Lateral spinothalamic tract

The lateral spinothalamic tract, also known as the lateral spinothalamic fasciculus, is an ascending pathway located anterolaterally within the peripheral white matter of the spinal cord. It is primarily responsible for transmitting pain and temperature as well as coarse touch. 

The anterior spinothalamic tract (discussed separately), in contrast, primarily transmits coarse touch and pressure. 

Gross anatomy

Peripheral connections

First-order neurones, whose cell bodies are in the dorsal root ganglion and whose axons extend from peripheral receptors, enter the cord via dorsal nerve roots. 

Central course 

The aforementioned first-order neurones synapse with second-order neurones whose bodies are located in the ipsilateral dorsal horn of the cord. In contrast to the anterior spinothalamic tract, whose fibres ascend for some levels before decussating, these second-order neurones' axons cross almost immediately via the anterior spinal commissure and form the lateral spinothalamic tract 1-4.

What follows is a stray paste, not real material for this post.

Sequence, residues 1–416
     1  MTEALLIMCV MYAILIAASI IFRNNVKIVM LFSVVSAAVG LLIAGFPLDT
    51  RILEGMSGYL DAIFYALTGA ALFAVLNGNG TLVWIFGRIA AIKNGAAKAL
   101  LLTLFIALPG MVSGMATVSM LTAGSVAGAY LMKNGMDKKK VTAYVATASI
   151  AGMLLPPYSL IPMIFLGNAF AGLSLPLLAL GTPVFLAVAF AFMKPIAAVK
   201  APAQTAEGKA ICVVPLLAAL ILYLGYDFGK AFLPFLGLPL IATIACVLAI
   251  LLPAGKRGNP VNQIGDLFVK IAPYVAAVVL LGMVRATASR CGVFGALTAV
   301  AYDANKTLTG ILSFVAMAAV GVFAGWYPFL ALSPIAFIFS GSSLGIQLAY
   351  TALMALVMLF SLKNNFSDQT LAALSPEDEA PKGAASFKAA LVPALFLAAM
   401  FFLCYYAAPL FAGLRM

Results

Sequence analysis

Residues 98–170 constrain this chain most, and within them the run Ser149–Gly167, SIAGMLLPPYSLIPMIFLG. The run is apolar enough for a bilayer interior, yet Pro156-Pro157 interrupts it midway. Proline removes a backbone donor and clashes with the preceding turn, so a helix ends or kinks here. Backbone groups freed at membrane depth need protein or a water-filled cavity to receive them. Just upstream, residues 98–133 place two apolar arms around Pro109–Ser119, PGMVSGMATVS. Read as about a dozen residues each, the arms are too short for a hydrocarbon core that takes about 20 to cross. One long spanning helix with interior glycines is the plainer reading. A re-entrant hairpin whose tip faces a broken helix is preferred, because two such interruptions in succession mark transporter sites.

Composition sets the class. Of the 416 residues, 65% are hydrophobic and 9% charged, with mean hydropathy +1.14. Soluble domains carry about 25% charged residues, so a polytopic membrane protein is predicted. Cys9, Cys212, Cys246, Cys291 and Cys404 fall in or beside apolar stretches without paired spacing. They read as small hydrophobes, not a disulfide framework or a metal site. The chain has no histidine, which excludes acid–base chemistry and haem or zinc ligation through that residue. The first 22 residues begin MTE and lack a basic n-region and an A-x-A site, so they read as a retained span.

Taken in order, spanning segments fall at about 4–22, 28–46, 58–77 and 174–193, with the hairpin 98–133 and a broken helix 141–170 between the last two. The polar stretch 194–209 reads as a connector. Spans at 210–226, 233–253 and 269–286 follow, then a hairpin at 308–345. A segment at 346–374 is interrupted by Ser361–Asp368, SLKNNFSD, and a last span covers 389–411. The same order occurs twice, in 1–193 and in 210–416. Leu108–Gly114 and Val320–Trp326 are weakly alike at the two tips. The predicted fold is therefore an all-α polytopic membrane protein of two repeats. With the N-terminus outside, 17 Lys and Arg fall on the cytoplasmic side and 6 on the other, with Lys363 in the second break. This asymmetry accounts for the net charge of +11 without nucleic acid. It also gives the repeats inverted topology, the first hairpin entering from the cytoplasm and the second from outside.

The lateral spinothalamic tract then ascends in the lateral funiculus, just medial to the ventral spinocerebellar tract. Fibres of this tract are somatotopically organised for their entire course.

Upon reaching the brainstem, these fibres continue as the medial lemniscus. The neurones of the lateral spinothalamic tract terminate in the ventral posterior nucleus of the thalamus. Here, they synapse with third-order neurones. It is these neurones that project to the primary somatosensory area on the ipsilateral side of the cerebral cortex.

Related pathology

Anatomy: Spine
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Article information

rID: 49153
Section: Anatomy
Synonyms or Alternate Spellings:
  • Lateral spinothalamic fasciculus

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Cases and figures

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    Figure 1: spinal cord tracts
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    Spinal tracts. Im...
    Figure 2: spinal cord and tracts
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